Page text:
Is a little elbow grease needed? Selling an "as-is" home may turn off buyers, according to a recent survey of real estate professionals.
The study comes from Coldwell Banker. The company found that 87 percent of first-time buyers don't want to buy a home that requires them to do a lot of work; instead they want "move-in" ready.
The hard part for sellers is comprehending the idea that they are going to fix up a home only to sell it and move out of it. There's no doubt about it, however, a fixed-up home sells faster and agents say it sells for more money.
According to an article in RISMedia, when contractor work totaled nearly $40,000, those repairs added more than $100,000 to the asking price! Of course, not all homes will require that amount of money and repairs. The point is putting a little effort, money, repairs, and tender loving care into it. This could go a long way at the time of the sale.
Repairing things like leaky pipes, broken windows, worn ceilings, as well as replacing old roofs and driveways can go a long way to help increase the listing price. Ripping up carpet and painting the inside and/or outside of the home can also increase buyer appeal.
Real estate experts say the renovations don't need to be things like re-doing a kitchen or bath, unless it's tremendously outdated. The risk there is that sellers can put more into the renovation than they'll get out of it at the time of sale. Also, remodels to these areas of the home are quite personal and based heavily on personal taste.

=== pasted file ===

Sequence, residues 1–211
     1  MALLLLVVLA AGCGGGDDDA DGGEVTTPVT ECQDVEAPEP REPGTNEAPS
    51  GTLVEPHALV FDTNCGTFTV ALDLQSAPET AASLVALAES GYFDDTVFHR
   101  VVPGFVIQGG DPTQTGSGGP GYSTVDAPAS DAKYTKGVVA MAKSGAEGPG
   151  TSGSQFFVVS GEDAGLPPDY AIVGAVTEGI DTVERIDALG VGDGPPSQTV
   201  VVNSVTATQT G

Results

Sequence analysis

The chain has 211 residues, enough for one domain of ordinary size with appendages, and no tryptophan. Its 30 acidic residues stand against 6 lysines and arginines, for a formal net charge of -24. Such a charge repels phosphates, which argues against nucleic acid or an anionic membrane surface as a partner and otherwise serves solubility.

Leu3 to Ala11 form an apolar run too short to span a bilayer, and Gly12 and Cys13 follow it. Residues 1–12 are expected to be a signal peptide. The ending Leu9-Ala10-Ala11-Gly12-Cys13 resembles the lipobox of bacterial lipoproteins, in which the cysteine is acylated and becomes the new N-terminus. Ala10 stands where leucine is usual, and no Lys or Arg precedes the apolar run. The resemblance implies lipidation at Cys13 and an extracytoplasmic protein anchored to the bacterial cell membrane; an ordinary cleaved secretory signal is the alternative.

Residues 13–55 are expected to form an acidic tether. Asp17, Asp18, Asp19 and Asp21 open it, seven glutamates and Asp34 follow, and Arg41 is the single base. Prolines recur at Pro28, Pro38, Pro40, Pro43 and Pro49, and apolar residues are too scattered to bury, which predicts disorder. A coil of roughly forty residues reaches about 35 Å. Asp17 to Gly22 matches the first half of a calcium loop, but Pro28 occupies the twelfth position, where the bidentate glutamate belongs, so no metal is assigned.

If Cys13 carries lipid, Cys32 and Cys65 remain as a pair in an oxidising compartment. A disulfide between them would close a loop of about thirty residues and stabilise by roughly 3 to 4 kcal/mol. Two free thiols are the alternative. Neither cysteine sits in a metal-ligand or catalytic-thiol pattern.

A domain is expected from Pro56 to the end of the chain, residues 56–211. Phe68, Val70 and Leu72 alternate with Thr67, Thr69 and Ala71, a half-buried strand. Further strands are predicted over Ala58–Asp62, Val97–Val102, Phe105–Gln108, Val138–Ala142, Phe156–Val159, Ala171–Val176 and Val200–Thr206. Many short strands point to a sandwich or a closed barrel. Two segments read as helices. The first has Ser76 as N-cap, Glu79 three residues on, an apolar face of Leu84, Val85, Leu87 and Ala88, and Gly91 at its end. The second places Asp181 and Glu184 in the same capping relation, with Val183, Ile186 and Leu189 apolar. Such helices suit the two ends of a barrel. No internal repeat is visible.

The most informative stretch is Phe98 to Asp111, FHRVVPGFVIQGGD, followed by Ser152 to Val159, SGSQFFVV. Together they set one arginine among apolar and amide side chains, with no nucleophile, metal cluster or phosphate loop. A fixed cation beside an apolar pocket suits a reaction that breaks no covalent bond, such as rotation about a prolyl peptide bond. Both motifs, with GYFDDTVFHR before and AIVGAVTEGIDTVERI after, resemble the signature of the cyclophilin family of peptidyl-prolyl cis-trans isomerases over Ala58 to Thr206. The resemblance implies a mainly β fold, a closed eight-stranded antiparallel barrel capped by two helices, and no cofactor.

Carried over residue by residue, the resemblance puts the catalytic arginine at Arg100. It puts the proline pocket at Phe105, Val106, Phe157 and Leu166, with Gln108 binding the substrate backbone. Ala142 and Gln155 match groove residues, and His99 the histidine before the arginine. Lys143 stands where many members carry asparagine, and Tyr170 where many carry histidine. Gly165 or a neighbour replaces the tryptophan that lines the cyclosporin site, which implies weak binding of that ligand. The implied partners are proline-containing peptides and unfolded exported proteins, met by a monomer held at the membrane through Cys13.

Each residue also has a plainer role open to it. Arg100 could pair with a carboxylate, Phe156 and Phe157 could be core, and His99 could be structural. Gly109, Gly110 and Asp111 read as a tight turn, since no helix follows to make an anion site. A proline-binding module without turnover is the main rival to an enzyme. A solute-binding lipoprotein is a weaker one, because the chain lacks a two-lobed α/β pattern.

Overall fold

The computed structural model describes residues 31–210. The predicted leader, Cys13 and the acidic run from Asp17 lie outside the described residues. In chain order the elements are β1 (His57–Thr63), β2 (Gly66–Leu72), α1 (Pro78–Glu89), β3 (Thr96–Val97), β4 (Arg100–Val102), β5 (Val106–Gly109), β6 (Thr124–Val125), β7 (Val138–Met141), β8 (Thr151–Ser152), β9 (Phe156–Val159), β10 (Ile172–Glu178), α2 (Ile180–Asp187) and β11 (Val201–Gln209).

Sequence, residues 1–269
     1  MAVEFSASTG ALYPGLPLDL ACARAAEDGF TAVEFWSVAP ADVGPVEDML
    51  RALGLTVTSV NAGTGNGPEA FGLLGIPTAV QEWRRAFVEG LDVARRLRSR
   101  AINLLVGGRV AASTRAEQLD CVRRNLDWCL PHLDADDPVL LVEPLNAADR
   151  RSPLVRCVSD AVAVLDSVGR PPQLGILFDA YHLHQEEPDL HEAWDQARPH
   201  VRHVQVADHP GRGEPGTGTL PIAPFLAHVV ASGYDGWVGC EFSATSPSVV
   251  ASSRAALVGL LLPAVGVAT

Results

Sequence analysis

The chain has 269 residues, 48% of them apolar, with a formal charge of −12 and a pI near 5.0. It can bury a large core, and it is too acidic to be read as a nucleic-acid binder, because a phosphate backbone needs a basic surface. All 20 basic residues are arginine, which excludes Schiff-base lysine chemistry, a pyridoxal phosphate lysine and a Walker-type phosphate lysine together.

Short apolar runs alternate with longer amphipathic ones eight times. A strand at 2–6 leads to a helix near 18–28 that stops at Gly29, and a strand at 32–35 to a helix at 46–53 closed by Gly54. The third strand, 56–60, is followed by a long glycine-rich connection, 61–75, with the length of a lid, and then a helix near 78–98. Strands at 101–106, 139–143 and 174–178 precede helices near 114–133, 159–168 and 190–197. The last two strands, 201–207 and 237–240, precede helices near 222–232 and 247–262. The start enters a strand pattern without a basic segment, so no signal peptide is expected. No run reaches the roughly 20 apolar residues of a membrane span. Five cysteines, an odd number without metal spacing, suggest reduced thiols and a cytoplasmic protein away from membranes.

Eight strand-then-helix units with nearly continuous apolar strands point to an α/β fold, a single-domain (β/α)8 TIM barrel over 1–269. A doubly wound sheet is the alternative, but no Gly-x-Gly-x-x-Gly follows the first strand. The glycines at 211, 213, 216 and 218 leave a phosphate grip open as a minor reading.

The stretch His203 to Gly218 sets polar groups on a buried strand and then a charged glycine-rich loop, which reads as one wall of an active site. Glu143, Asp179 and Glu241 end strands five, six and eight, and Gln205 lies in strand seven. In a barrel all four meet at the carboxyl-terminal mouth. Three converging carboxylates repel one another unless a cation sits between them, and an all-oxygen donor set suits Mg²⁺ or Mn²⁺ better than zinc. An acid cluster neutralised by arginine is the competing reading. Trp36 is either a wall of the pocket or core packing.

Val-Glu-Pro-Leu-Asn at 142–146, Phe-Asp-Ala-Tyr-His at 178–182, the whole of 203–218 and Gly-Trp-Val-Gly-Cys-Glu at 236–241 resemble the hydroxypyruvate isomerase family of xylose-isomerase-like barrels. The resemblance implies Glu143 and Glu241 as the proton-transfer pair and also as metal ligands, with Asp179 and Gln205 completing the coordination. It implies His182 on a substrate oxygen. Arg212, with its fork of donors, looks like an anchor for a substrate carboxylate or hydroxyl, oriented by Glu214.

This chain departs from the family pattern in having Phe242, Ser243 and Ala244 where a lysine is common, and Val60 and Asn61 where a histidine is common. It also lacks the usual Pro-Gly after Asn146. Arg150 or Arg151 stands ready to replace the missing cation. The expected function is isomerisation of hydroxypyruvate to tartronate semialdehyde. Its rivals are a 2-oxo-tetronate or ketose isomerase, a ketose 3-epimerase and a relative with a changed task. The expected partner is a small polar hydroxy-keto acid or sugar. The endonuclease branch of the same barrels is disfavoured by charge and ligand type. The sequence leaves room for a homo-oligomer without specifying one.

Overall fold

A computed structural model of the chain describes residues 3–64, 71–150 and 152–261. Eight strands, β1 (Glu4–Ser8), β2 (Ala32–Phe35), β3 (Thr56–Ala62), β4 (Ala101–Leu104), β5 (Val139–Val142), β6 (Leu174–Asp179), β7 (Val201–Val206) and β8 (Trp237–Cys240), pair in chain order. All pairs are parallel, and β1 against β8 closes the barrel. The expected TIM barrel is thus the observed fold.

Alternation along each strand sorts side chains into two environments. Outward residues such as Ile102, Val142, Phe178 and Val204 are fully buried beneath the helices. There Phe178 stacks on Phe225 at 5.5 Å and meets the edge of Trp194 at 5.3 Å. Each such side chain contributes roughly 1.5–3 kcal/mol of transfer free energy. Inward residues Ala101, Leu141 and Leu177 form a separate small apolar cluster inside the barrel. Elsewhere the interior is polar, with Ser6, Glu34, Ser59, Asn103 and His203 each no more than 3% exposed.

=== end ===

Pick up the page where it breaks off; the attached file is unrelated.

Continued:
However, fixing up problem areas of a home is a different story. Buyers, especially first-timers, don't want the aches–headache and pocketbook–of having to deal with getting the home ready before they move in. Often, first-time buyers have very little extra cash to spend on repairs. They may be coming from a nice, new apartment or home that they were renting. When they see a house for sale that requires lots of repairs to make it livable and comfortable, it's a turn off.
What about clutter? Buyers often see clutter as a bigger issue than just a bunch of stuff strewn about the home. It can make them think that the home is more of a "project" house than it really is. Save yourself any issues and pack up your personal stuff.
Sometimes packing up stuff means storing big items that are cluttering the house. Borrow a friend's garage or rent a storage unit if your next home isn't ready. Unstuffing overly-furnished rooms can really open up the floor plan, allowing buyers to get a good idea of the size of the room.
Not preparing a home for sale can mean having to accept the very unwanted fact of listing it for a lower price.